Reprinted From

THE RECORDER

Monday, August 23, 1993

COLLECTING YOUR ACCOUNTS RECEIVABLE

By: Robert N. Kohn and Lawrence M. Kohn

In today’s economic climate, professionals and business owners are faced with the challenge of collecting delinquent accounts without losing valued relationships. The problem has two parts.

The first is that it’s difficult to acquire clients, so it is necessary to be careful not to alienate clients in your effort to collect. The second issue is staying in business.

Inadequate attention to collection may severely impact your profitability and waste valuable time that could otherwise be invested in profitable relationships. Fortunately, with some attention to your collection effort, you can develop the dialogue, the documents, the policies and the procedures to collect the account and keep the client.

PREVENTING DELINQUENCY

The first step in conquering collections is to prevent delinquency from occurring. One way to prevent delinquency is to know your client. Even if you get a retainer up-front, it makes sense to check references. Call their accountant. Call their former practitioner. Learn as much as you can about your prospective client’s attitudes concerning their payables before you accept them as a client.

Make sure that your clients understand the terms of payment in your retainer agreement. Instead of simply handing it to them and assuming that they’ll read it and understand it, review it with them and ask them to acknowledge that they understand when payment is due.

Once you have done work for a client, you can further reduce the likelihood of delinquency by making sure that your billing goes out on time. Additionally, make sure that your invoices are clear and detailed. Show the due date on your invoice so that there is no misunderstanding about when it is due. If you take the time to implement preventative measures, you will be rewarded by keeping delinquency to a minimum.

However, regardless of the preventative steps you take, chances are you will experience some delinquency. When a delinquency problem occurs, don’t wait too long before taking action. The longer you wait, the greater the risk that delinquent accounts will become write-offs.

FACING UP TO THE TASK
There are many reasons why professionals procrastinate when faced with a delinquency problem. One of the obstacles to collection is that it’s distasteful. There is the anticipation of conflict, embarrassment, and the fear of abusing clients. One of the ways to overcome this obstacle is to adjust your attitudes and the attitudes of everyone in your firm. You should realize that you are not abusing your clients when you are forced to take collection actions. Rather, the client has abused you!

Another obstacle to collection is disagreement among the partners and/or employees regarding how delinquency should be handled. While many professionals recognize the need for a comprehensive and consistent collection effort, others are overly reluctant to contact their non- paying clients. Their fear of losing valued relationships interferes with their ability to get paid on time. Some professionals are even offended by the thought of contacting delinquent clients and insisting on payment.

As long as partners battle over whether or not to collect, it will be virtually impossible to implement an effective collection effort. Therefore, the first step in winning the collection war is to establish a comprehensive collection policy.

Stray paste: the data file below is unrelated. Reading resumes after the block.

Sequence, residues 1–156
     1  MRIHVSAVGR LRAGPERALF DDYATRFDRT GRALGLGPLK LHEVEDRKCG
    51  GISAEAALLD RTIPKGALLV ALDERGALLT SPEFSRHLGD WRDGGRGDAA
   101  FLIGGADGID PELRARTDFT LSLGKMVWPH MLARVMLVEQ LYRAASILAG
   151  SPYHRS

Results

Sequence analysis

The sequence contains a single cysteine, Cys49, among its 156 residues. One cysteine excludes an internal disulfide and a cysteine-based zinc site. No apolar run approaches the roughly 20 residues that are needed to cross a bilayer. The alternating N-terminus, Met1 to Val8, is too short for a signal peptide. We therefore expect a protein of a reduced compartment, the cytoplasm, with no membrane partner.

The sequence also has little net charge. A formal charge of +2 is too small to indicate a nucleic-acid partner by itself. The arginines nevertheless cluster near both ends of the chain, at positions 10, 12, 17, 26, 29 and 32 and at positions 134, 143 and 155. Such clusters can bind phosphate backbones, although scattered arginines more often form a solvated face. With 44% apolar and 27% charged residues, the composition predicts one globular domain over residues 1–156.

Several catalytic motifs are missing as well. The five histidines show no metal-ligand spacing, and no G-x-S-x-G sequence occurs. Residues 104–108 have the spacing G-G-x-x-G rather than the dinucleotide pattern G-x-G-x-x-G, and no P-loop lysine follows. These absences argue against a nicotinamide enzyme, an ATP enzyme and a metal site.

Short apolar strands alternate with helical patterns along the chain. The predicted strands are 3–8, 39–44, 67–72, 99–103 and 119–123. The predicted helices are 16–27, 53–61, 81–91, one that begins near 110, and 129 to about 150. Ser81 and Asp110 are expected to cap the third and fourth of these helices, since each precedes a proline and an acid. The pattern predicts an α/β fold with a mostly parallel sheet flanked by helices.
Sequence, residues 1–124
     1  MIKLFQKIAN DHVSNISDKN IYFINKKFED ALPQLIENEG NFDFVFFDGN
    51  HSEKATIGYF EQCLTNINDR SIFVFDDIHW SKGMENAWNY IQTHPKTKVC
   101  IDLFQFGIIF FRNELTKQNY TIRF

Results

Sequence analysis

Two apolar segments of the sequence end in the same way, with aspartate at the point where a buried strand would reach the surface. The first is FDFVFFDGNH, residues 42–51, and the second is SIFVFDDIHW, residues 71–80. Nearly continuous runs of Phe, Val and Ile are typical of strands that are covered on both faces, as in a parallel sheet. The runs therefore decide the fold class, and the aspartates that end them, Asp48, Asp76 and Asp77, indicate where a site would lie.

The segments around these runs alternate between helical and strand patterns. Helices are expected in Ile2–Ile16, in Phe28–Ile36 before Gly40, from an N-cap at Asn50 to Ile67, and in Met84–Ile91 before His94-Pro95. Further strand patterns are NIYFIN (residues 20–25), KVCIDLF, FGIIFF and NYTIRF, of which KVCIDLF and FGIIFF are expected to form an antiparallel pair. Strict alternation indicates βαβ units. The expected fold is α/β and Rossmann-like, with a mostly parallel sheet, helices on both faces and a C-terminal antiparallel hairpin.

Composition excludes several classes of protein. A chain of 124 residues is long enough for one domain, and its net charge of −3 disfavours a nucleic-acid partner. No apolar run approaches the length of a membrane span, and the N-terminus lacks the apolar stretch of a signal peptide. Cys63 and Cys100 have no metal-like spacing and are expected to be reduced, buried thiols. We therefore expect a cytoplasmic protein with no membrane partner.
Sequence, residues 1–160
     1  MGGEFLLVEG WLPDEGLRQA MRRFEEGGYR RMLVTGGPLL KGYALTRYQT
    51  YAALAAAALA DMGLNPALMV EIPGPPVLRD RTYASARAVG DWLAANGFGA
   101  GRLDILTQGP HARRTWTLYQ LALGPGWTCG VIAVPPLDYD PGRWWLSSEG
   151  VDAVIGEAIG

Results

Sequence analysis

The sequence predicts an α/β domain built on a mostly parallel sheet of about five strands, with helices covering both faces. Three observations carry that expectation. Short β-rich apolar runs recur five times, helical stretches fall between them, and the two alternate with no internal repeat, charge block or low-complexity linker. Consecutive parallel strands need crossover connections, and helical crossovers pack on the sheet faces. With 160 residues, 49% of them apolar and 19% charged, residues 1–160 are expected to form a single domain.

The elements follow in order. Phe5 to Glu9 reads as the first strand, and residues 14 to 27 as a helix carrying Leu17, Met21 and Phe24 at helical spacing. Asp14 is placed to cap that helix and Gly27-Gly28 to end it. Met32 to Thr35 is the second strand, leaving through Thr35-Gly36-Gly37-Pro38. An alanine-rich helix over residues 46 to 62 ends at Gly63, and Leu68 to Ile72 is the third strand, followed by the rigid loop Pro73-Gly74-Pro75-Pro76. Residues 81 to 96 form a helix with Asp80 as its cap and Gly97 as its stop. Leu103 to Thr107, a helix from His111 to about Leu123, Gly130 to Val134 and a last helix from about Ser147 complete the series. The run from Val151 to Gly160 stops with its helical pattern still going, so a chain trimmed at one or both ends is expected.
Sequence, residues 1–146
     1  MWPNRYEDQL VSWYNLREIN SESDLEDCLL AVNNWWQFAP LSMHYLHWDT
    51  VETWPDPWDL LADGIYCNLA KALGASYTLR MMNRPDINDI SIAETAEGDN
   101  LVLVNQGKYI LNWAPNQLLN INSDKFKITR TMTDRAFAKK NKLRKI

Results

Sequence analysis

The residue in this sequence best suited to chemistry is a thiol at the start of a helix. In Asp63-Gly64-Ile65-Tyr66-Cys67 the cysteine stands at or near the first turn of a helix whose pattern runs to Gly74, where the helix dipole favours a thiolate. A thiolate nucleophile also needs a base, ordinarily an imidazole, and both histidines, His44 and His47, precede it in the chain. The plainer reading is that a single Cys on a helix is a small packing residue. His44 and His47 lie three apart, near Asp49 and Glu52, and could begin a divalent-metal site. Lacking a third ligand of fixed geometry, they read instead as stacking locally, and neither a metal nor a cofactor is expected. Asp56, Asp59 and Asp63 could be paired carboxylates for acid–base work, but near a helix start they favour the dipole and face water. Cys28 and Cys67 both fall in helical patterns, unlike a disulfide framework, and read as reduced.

A collection policy establishes a time frame when payment is expected and defines procedures for non-payment. A collection policy should answer the following:

  • Do you require retainer agreements?
  • At what time do you contact delinquent clients: 30 days? 45 days?
  • Do you write a letter, make a phone call, meet in person?
  • When is work terminated?
  • Who in the firm is responsible for contacting the client?
  • Who do you ask to speak to?
  • How often do you follow up?
  • Will you include late charges in your bill?

GETTING BUY-IN

However, a written policy alone is not enough to do the job if it isn’t supported by the individuals responsible for its implementation. Everyone must buy into the policy. For that to happen, everyone should be required to participate in the creation of the collection policy. When people participate in the development of the policy, they will have a sense of ownership in it and be more inclined to ensure its success.

Once you have developed a policy, the next step is to instill the members of your firm with appropriate attitudes. The best way to promote the appropriate attitudes is to hold regular collection meetings, attended by all principals. Collection meetings will promote a corporate collection culture, ensure that each delinquent account is reviewed, and pressure the partners to stay on top of their relationships.

Finally, you need to train the members of your firm in the appropriate dialogue and strategies. Some professionals are too quick to threaten legal action, and their tone is insulting and demeaning. This attitude can alienate an otherwise cooperative client. Alternatively, some professionals are too apologetic and weak. Their lack of assertiveness makes it easy for debtors to delay.

The ideal approach is to be pleasant, confident and skilled in active, compassionate listening. You want to acknowledge the concerns of your client, communicate your desire to accommodate their needs, and then begin to identify a reasonable solution that meets everyone’s requirements.

Although it is necessary to be sensitive to the fragile nature of relationships, it is important to make an extra effort to collect every account. With proper attention to collection, you can collect your fees without destroying valued relationships.

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